For a more complete discussion concerning the complexity of the base-$b$ expansion of algebraic numbers,
we refer the reader to \cite{Ad10,AdBuAnnals,AdBuCant,Miw09}.
\begin{proof}[Hint of proof] We only outline the main idea for proving
Theorem AB1 and refer the reader
to \cite{AdBuAnnals} or \cite{AdBuCant}
for more details. Let $\xi$ be an algebraic number and let us assume that
\begin{equation}\label{eq: comp}
\liminf_{n\to \infty} \frac{p(\xi,b,n)}{ n} < +\infty,
\end{equation}
for some integer $b\geq 2$. Our goal is thus to prove that $\xi$ is rational. Without loss of generality, we can assume that $0<\xi<1$.
Our assumption implies that the number of distinct blocks of digits of length $n$ in the base-$b$ expansion of $\xi$ is quite small
(at least for infinitely many integers $n$). Thus, at least some of these blocks of digits have to reoccur frequently, which forces the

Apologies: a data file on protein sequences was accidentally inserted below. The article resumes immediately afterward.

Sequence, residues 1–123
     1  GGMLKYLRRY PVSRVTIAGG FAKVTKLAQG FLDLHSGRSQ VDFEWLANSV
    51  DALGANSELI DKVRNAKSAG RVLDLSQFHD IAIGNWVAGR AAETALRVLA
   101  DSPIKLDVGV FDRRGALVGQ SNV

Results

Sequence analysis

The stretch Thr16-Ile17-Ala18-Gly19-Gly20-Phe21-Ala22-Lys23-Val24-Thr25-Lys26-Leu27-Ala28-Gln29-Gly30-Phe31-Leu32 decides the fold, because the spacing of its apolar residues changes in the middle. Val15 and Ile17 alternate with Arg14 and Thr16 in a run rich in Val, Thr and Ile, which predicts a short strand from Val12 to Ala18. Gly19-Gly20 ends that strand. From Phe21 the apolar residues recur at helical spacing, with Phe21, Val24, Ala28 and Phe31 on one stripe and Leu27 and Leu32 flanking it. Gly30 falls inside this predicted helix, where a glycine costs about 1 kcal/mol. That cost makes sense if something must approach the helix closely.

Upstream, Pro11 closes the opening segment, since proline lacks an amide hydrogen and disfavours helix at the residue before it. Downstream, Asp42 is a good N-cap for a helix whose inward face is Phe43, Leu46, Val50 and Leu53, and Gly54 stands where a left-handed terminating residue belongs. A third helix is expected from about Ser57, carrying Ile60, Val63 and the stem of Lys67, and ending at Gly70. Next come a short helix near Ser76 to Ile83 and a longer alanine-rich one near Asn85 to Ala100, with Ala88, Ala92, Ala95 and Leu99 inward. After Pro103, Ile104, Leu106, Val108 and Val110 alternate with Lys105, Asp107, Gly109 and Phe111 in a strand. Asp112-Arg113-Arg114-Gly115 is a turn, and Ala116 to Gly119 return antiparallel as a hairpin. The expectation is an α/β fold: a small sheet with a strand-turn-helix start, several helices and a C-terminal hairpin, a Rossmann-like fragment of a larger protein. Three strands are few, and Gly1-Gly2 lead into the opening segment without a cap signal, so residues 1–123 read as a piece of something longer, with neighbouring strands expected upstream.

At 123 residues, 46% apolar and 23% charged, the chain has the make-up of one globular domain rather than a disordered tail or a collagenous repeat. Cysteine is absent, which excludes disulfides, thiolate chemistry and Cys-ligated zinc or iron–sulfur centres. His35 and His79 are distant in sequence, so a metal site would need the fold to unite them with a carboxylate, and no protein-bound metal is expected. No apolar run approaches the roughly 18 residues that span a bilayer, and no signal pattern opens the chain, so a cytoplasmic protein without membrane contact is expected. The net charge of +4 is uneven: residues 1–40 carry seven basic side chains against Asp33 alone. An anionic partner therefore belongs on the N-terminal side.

early occurrence
of some repetitive patterns in the base-$b$ expansion of $\xi$. This rough idea can be formalized as follows.
We first recall some notation from combinatorics on words.
Let $V=v_1\cdots v_r$ be a finite word. We let $\vert V\vert=r$ denote the
length of $V$.
For any positive integer $k$, we write
$V^k$ for the word
$$
\overbrace{V\cdots V}_{\mbox{$k$ times}} .
$$
More generally, for any positive real number
$w$, $V^w$ denotes the word
$V^{\lfloor w \rfloor}V'$, where $V'$ is the prefix of
$V$ of length $\left\lceil(w-\lfloor w\rfloor)\vert V\vert\right\rceil$.
With this notation, one can show that the assumption (\ref{eq: comp}) ensures the existence of a real number $w>1$
and of two infinite sequences of finite words
$(U_n)_{n\geq 1}$ and $(V_n)_{n\geq 1}$ such that
the base-$b$ expansion of $\xi$ begins with the block of digits $0{\scriptscriptstyle \bullet} U_nV_n^w$ for every positive integer $n$.
Furthermore, if we set $r_n := \vert U_n \vert$ and $s_n := \vert V_n\vert$, we have that $s_n$ tends to infinity with $n$ and
there exists a positive number $c$ such that